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7 Days, 3.5 Hours: Your One-Week Sprint to a Stellar LinkedIn Page

7 Days, 3.5 Hours: Your One-Week Sprint to a Stellar LinkedIn Page

You have 30 minutes per day over the course of one full week — seven consecutive days — to turn your corporate LinkedIn page around. What do you do? When?

Here’s one possible answer.

Day One: Choose Stunning Profile Images

Your LinkedIn profile picture is the first thing visitors see when they land on your page; your banner image, a close second. Take your time combing through your image library (or your go-to stock photo gallery, let’s be real) to find the perfect combination. LinkedIn has a nice primer on profile pic best practices, if you need more guidance.

Day Two: Shore Up the Boring Stuff

Confirm that your page’s company information section is complete and accurate: location and address, year founded, employee count. Think intentionally about your stated specialties — these matter to job-seekers and prospective clients.

If this task doesn’t take the full 30 minutes, great. Allocate the extra time accordingly.

Day Three: Collect Evergreen Third-Party Content

Begin collecting and organizing relevant third-party content to share and repost on your site. Take a page (no pun intended) from this company’s LinkedIn profile, which reposts a mixture of company-produced and third-party blog content. Collect enough to support a rolling two-week backlog on your current publishing schedule.

Day Four: Write a Compelling Company Description and Mission Statement

Put your sharpest tongues and pens together in a room and don’t let them leave until they’ve finalized a fantastic company description worthy of your LinkedIn profile. Shoot for 400 words or less, and make it punchy. Top it off with a succinct, one-sentence mission statement that perfectly encapsulates what you do.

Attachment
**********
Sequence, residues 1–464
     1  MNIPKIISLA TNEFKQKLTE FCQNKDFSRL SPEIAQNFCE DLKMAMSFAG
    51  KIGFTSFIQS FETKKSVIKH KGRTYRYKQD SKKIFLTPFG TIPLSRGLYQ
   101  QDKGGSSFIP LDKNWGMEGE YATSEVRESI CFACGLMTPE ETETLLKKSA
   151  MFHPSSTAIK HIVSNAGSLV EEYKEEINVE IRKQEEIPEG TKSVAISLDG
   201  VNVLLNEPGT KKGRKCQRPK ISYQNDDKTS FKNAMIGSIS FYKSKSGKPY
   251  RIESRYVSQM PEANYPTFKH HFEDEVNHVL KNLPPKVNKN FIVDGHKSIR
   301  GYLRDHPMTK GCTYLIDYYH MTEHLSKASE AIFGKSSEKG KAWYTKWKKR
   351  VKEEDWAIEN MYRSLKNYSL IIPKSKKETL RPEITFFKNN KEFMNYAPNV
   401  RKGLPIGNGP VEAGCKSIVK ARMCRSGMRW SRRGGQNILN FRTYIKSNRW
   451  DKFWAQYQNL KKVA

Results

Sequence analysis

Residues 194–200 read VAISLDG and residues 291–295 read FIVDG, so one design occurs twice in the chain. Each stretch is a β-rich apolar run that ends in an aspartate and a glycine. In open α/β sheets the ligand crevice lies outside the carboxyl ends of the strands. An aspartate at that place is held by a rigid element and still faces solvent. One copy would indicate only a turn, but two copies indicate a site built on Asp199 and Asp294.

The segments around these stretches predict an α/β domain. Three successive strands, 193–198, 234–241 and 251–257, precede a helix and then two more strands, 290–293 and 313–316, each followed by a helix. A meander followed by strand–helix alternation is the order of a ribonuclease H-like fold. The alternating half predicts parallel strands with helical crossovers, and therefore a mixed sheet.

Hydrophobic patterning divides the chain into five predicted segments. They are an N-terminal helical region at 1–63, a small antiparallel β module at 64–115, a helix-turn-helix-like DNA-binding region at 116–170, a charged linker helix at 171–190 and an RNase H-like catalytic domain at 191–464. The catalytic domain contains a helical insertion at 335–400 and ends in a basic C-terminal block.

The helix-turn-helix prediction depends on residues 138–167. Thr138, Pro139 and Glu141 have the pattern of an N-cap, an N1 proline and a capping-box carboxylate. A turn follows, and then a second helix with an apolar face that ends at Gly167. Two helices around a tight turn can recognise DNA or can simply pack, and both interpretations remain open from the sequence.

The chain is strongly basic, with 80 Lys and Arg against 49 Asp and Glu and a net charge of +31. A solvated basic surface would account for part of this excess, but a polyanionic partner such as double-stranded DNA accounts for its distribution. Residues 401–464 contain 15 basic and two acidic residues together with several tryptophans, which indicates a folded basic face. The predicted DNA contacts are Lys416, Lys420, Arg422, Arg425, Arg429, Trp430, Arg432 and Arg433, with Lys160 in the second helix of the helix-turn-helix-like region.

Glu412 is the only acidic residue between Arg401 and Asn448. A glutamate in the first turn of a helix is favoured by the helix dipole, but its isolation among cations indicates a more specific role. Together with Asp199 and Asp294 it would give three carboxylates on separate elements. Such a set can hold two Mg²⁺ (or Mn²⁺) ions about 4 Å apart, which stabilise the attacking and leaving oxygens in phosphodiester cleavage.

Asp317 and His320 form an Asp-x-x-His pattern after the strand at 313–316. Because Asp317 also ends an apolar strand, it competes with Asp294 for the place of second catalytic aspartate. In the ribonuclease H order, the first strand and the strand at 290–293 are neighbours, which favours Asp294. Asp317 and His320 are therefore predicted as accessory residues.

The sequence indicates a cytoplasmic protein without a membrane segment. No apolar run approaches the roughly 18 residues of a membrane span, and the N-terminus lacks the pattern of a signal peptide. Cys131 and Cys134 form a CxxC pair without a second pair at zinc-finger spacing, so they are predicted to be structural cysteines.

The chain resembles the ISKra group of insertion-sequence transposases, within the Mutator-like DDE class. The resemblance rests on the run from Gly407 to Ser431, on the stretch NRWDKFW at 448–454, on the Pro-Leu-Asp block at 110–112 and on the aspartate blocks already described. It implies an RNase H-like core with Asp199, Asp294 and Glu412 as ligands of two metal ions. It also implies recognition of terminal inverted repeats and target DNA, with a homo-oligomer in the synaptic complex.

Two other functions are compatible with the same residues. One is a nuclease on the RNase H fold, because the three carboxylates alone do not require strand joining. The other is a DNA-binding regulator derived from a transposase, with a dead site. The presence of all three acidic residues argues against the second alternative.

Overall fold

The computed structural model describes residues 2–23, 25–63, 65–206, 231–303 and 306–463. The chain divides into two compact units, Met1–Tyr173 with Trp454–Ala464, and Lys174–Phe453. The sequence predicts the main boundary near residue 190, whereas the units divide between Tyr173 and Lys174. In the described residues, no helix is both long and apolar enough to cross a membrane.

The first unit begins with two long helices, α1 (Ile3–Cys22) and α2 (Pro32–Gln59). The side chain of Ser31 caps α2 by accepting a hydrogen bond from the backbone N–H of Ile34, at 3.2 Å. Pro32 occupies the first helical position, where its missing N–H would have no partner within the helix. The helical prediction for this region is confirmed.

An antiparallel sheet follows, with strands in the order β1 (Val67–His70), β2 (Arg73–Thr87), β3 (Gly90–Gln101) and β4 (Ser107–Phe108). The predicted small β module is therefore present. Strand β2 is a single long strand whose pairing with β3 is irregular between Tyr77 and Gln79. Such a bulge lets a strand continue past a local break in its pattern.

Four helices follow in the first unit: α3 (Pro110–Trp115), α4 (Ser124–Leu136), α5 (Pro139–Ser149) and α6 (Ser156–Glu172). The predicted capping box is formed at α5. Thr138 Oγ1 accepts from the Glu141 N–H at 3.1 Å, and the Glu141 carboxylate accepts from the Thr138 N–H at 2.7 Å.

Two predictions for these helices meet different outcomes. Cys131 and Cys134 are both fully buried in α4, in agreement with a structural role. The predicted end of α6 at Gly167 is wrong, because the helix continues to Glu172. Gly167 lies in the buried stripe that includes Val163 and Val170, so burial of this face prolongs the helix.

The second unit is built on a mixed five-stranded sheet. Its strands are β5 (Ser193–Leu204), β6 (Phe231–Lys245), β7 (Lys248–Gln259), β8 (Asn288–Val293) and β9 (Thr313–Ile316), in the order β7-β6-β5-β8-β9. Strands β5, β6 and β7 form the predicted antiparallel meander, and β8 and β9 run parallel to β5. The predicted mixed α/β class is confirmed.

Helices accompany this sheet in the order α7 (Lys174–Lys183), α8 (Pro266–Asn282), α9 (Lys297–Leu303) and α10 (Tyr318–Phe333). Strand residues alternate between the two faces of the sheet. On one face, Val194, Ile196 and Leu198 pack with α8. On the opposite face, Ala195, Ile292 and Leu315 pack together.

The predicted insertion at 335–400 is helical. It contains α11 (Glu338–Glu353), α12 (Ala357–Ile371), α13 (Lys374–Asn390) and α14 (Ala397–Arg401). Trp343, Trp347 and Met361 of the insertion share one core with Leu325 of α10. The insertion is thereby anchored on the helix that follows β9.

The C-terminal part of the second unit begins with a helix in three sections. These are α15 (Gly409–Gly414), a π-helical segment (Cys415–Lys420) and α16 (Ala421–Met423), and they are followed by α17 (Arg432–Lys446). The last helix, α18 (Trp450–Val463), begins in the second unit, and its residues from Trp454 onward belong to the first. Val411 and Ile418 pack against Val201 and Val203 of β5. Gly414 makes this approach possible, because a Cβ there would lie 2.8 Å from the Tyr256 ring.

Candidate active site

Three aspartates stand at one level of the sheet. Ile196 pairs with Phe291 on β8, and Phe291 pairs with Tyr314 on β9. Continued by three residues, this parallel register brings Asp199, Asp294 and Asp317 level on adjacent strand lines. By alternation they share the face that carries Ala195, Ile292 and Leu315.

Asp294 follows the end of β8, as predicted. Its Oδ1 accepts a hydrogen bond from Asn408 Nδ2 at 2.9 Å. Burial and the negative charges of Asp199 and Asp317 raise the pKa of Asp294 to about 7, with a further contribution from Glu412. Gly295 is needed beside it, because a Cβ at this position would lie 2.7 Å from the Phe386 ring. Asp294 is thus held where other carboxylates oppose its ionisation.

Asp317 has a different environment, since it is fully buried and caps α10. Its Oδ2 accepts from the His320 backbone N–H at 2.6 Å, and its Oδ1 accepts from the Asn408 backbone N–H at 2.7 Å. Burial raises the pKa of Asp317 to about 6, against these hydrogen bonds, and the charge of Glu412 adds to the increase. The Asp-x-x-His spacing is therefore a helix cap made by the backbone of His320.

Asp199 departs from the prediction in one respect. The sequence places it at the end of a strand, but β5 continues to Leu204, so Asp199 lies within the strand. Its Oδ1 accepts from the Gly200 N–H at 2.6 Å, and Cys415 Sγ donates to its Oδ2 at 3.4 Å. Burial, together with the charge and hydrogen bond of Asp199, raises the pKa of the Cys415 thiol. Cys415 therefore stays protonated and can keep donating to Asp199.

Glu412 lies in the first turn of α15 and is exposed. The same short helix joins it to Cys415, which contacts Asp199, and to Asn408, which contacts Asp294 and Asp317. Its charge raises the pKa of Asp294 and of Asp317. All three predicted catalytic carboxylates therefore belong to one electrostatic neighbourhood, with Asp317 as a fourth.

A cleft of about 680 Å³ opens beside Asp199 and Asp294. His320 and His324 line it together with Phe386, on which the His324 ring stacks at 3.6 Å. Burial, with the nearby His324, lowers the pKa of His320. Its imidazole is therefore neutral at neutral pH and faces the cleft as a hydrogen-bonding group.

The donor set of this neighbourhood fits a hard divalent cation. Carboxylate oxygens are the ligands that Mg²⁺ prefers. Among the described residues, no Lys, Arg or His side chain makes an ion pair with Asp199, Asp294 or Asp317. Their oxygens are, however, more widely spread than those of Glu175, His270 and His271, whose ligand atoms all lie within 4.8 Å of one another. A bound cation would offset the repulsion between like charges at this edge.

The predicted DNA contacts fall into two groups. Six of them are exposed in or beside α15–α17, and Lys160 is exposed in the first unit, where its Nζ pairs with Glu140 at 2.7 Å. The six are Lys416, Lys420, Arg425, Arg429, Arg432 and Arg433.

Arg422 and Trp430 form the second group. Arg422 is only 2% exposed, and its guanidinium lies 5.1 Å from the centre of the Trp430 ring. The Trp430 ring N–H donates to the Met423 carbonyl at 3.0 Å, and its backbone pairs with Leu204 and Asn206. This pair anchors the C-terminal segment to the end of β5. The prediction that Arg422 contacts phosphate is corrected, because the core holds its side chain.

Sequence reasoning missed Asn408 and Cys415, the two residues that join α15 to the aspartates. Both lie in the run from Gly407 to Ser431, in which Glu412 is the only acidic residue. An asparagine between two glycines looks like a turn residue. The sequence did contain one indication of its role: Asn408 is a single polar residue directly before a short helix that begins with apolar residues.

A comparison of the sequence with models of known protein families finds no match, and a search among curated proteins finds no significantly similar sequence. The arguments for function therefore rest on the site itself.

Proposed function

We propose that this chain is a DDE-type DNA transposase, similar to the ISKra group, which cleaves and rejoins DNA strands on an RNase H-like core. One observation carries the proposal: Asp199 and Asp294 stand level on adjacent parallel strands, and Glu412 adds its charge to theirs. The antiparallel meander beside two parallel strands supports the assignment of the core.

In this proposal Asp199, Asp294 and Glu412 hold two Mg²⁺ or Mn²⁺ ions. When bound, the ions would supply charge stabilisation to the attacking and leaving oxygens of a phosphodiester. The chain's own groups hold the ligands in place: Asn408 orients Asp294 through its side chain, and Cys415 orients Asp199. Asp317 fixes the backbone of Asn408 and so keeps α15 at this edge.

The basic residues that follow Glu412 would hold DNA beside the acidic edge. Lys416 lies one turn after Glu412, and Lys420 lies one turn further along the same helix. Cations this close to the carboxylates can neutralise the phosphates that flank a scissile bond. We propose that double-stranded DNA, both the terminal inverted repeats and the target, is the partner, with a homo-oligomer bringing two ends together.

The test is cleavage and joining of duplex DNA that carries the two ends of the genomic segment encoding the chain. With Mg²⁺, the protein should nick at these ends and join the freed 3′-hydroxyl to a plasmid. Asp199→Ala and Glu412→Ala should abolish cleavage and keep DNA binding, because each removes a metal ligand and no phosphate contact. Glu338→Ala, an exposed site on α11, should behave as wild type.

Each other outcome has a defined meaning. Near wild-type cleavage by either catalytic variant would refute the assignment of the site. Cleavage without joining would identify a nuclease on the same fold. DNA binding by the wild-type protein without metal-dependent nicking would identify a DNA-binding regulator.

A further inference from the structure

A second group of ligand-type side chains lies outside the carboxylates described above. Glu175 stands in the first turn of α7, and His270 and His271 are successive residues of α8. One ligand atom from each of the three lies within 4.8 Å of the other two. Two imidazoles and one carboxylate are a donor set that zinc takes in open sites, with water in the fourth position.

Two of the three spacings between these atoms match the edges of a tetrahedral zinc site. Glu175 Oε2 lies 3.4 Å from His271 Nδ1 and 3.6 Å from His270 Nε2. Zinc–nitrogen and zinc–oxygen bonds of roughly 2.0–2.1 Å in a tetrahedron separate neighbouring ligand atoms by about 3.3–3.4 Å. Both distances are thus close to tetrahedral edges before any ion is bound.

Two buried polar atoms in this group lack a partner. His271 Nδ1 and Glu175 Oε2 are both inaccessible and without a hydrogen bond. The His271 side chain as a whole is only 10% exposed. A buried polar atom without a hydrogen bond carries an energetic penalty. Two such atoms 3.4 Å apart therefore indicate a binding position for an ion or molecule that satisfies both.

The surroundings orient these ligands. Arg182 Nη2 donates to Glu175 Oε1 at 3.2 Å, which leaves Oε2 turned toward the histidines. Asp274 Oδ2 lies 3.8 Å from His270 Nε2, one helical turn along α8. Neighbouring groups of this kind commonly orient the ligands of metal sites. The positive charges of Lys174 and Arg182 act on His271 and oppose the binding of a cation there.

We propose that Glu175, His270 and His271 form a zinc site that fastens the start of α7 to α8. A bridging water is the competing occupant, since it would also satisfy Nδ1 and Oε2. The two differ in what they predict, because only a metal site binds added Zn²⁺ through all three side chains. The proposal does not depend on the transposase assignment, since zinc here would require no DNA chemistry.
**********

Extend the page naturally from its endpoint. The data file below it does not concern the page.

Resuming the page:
Day Five: Engage With Five Influencers in Your Industry

“Engage” means many different things. Start off slow, by liking and commenting on influencers’ posts. If you have time, fire off quick messages asking if they’d like to contribute a short post to your LinkedIn feed. Offer to reciprocate, of course.

Day Six: Encourage Your Employees to Link Their Personal Profiles

Send out an all-company email asking employees (respectfully) to list your company as their employer on their LinkedIn profiles. Boosting your listed employee count is a great way to lend your page some much-needed legitimacy.

Day Seven: Write Your First Original Post

Spend day seven writing your first original LinkedIn blog post. It doesn’t have to be long or fancy: a text-only 500-word summary of a new initiative or industry trend should suffice.

On to Week Two

Exhausted yet?

Nah, you’ve tackled tougher tasks than shoring up your corporate LinkedIn page. But the job isn’t done — not by a long shot.

You’ll need to work hard to sustain the momentum you’ve built this week. And you probably won’t be able to do it all on your own. You’ll need to build a stable of engaging original posts to publish on a manageable schedule, for instance: at least five per week. That’ll take time, creativity, and at least one extra set of hands.

But that’s a story for another day. Right now, take a moment to appreciate your glorious new LinkedIn page. You deserve it.

Hernaldo Turrillo
Hernaldo Turrillo is a writer and author specialised in innovation, AI, DLT, SMEs, trading, investing and new trends in technology and business. He has been working for ztudium group since 2017. He is the editor of openbusinesscouncil.org, tradersdna.com, hedgethink.com, and writes regularly for intelligenthq.com, socialmediacouncil.eu. Hernaldo was born in Spain and finally settled in London, United Kingdom, after a few years of personal growth. Hernaldo finished his Journalism bachelor degree in the University of Seville, Spain, and began working as reporter in the newspaper, Europa Sur, writing about Politics and Society. He also worked as community manager and marketing advisor in Los Barrios, Spain. Innovation, technology, politics and economy are his main interests, with special focus on new trends and ethical projects. He enjoys finding himself getting lost in words, explaining what he understands from the world and helping others. Besides a journalist, he is also a thinker and proactive in digital transformation strategies. Knowledge and ideas have no limits.

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